The Canadian Maple Leaf is the bullion coin of Canada and is issued by the Royal Canadian Mint. It was designed by Walter Ott and features the famous Canadian emblem on its obverse. It is made from either .999 gold or .9999 gold depending on the time on which the coin was issued. The later ones are made from the higher fineness as a sign of Canada’s higher standards in the production of gold coins. The coin is considered to be the purest type of gold coin that is available for collecting today. The coin was first issued in 1979 to compensate for the market for gold coins as the South African Krugerrand was prohibited from being sold for some political issues. However, it can be said to be different from the Krugerrand in that it is made from 24 karat gold unlike the 22 karat Krugerrand.
The Canadian Maple Leaf is available in various weights ranging from one-twentieth of an ounce to one ounce. The face value of the coin starts from one Canadian dollar to fifty dollars but there is also a 1 kilogram coin which has a face value of one million dollars. In 1994 a one-fifteenth of an ounce coin was issued having a two dollar face value but it only came with a limited number of coins issued and were smaller in size which had made them valuable only as additions to jewelries. The coin proved to be not so popular hence the producing of the coin has been stopped.
In 2007, the mint issued a 1-million dollar gold coin which has a purity of 99.999% gold and weighs about one kilogram. It was issued to promote the popularity of the Canadian Maple Leaf and only a few were able to purchase the coin. This was done to promote the newer type of Canadian gold coin which has a higher purity than the past coins that were issued by the mint. It was sold at the price of two-and-a-half million dollars to three million Canadian dollars. The coin was designed by Stanley Witten.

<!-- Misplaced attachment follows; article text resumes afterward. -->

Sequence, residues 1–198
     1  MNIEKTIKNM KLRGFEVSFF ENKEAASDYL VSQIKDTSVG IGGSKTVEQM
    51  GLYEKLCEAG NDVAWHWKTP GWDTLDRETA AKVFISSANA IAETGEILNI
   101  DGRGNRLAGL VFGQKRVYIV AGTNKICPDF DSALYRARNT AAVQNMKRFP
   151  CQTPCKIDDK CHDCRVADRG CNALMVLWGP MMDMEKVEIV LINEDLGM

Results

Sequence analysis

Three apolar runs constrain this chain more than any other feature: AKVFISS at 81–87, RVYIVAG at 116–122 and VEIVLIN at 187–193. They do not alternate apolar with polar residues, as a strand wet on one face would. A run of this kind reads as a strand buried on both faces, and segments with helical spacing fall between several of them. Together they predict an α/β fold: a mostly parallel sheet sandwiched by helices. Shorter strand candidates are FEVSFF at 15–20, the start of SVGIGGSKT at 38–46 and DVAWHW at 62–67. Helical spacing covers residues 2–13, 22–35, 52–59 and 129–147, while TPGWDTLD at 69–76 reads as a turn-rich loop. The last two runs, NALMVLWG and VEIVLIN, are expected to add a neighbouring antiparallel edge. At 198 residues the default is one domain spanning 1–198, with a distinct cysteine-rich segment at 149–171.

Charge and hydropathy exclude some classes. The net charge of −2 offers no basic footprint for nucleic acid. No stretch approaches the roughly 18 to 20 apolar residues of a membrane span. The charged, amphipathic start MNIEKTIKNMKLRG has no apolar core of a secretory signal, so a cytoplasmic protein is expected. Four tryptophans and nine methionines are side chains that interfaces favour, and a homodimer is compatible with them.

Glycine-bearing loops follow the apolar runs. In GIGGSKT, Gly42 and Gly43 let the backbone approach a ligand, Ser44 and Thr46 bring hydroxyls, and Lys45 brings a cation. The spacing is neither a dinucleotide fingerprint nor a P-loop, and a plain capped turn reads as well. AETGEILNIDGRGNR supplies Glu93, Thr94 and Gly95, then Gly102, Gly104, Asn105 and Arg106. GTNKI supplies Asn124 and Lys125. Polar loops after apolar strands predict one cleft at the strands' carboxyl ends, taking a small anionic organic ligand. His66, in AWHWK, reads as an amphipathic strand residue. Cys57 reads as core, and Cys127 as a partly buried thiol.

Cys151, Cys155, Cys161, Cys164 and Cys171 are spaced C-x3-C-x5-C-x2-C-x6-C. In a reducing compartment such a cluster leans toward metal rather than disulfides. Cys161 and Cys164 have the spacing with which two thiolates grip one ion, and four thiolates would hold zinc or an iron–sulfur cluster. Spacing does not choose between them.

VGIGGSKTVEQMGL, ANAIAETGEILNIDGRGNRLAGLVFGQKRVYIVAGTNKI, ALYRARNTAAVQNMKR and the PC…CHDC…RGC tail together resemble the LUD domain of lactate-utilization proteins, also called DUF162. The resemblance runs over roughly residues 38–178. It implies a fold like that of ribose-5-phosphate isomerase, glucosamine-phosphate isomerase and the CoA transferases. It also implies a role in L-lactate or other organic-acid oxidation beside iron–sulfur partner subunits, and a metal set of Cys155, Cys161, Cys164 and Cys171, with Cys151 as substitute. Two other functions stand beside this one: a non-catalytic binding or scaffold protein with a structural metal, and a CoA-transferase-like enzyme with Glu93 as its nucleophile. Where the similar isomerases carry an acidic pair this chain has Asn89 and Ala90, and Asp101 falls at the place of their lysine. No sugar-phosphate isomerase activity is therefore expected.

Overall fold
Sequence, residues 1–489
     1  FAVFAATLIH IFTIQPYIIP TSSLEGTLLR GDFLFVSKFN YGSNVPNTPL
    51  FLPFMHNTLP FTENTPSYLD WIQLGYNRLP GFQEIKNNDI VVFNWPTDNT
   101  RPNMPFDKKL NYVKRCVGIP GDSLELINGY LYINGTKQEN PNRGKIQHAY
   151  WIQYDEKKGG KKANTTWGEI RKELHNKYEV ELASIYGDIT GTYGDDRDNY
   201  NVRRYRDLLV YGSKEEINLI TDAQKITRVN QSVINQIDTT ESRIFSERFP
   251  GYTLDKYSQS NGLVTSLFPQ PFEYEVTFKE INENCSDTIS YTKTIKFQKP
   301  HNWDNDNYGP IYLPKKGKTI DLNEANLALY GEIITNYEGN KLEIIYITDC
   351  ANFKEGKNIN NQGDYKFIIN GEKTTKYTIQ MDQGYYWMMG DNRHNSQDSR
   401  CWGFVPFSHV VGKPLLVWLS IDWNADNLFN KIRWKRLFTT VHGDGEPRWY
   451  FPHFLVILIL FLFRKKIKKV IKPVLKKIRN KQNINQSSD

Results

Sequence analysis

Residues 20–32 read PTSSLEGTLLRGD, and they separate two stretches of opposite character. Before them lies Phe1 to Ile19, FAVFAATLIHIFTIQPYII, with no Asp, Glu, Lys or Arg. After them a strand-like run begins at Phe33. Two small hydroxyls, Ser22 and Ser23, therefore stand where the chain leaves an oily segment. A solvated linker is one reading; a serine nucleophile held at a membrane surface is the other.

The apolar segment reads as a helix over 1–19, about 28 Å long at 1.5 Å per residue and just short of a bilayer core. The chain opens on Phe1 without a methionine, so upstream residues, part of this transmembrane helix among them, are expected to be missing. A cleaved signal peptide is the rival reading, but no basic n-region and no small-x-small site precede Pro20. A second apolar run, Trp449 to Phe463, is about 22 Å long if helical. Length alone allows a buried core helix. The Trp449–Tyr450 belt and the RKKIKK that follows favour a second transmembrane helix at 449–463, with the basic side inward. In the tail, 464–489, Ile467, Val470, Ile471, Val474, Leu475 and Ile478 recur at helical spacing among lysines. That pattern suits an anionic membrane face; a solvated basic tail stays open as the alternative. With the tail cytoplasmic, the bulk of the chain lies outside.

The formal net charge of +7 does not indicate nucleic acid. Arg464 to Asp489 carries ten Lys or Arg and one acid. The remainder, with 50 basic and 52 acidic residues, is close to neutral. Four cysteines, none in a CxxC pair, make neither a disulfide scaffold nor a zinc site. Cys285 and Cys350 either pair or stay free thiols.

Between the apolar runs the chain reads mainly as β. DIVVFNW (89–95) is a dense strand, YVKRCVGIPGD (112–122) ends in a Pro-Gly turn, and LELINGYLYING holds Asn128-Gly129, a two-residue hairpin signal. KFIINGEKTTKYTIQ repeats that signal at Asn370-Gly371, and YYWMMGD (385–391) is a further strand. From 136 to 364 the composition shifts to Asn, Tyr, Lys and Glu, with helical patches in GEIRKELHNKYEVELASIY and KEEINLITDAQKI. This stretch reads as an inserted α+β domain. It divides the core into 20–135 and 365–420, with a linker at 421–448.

The coin was manufactured with a .999 fineness of gold and was only changed to a .9999 purity in 1982. The purest that was ever produced, one having .99999 fineness was produced to commemorate special events and was particularly difficult to store and handle as it is very soft being pure gold. Most of the Canadian Maple Leafs that were issued from 2007 were usually designed by Stanley Witten and usually portrays Queen Elizabeth II on one of its sides. The coin is officially struck at the Ottawa branch of the Royal Canadian Mint. The high quality of gold that the coin possesses makes it very difficult to handle as it is more subject to being damaged by handling. This has been one of the drawbacks of having a gold coin in such a very high karat but if you are after the quality of the coin, this will not be such a big problem.